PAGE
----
Soon after the rain stopped on the night of December 16, 1773, a group of men, disguised as Mohawk Indians, stealthily hurried down the streets of Boston. They had demanded and pleaded with Britain for fair representation for too long and now it was time to take matters into their own hands. They boarded the ships at bay and quickly dispersed of all the tea on board. Under the watchful eyes of a growing crowd, the men made a formal protest: they would not be conceding to Britain anymore. The event that became known as The Boston Tea Party is often considered the opening of the Revolutionary War and is an important part of American history. Freedman descriptively describes this pivotal moment in a way that is accessible to children. The story is riddled with quotes from primary documents, which lend authenticity to the text. Malone cleverly depicts the scenes with widespread illustrations that bring the event to life. The watercolors are masterfully done and will help students visualize the setting. This book is especially appropriate for teachers, whose lessons include United States history. An introduction, afterword, and timeline provide helpful information that will enrich the reader's understanding. Students could easily use this book to write a report. Reviewer: Natalie Gurr
School Library Journal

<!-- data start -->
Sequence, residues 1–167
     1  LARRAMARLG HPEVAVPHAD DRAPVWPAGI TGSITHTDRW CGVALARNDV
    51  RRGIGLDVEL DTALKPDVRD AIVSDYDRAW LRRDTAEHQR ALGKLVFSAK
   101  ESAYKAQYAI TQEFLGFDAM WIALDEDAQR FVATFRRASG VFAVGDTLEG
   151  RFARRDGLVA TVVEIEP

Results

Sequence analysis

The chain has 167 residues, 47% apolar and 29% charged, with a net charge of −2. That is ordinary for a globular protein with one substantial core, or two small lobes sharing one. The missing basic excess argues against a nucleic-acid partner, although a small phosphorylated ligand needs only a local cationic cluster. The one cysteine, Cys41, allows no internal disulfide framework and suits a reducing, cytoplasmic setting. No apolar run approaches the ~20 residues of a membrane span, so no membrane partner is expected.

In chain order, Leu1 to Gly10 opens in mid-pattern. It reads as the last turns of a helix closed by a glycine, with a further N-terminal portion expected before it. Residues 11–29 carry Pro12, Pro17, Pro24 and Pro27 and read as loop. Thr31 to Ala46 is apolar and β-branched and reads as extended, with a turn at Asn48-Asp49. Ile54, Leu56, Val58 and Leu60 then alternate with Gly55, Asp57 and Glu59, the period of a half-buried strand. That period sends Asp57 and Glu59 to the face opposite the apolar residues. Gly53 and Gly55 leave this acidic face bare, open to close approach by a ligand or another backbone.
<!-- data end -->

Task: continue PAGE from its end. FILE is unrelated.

Gr 3–5—Freedman tackles the Boston Tea Party with his characteristic energy and rigor and provides a gripping account of the nation-defining episode. He starts with a lucid, two-page introduction offering historical context-not stopping to get bogged down in the details of the Stamp Tax and its ilk-before he vaults into his story with a promising opening that mixes fact and suspense. From that page forward, he weaves together meticulously sourced quotations and information with engaging personal details to effectively enliven the tense, silent act of rebellion. Along with the usual heroes of the Revolution—Samuel Adams, Paul Revere, etc.—Freedman presents the actions of young men such as a rope-maker's apprentice who snuck out a window to join the mob and the mason-in-training who detoured to the protest on his way to a date. These charming and enlightening particulars, including many direct quotes, lend immediacy and emotional weight to the account, told in an effective but surprisingly casual tone. Freedman's absorbing and informative story is somewhat underserved by Malone's illustrations. A rich, earthy palette and period details, even with an occasional spark of humor, can't quite overcome the static feeling of the pictures, which resemble watercolor renditions of an American history diorama with their stiff-armed figures and blank faces. Fortunately, Freedman's text proves lively enough for both. Back matter includes a note on the importance of tea in colonial American life.—Robbin E. Friedman, Chappaqua Library, NY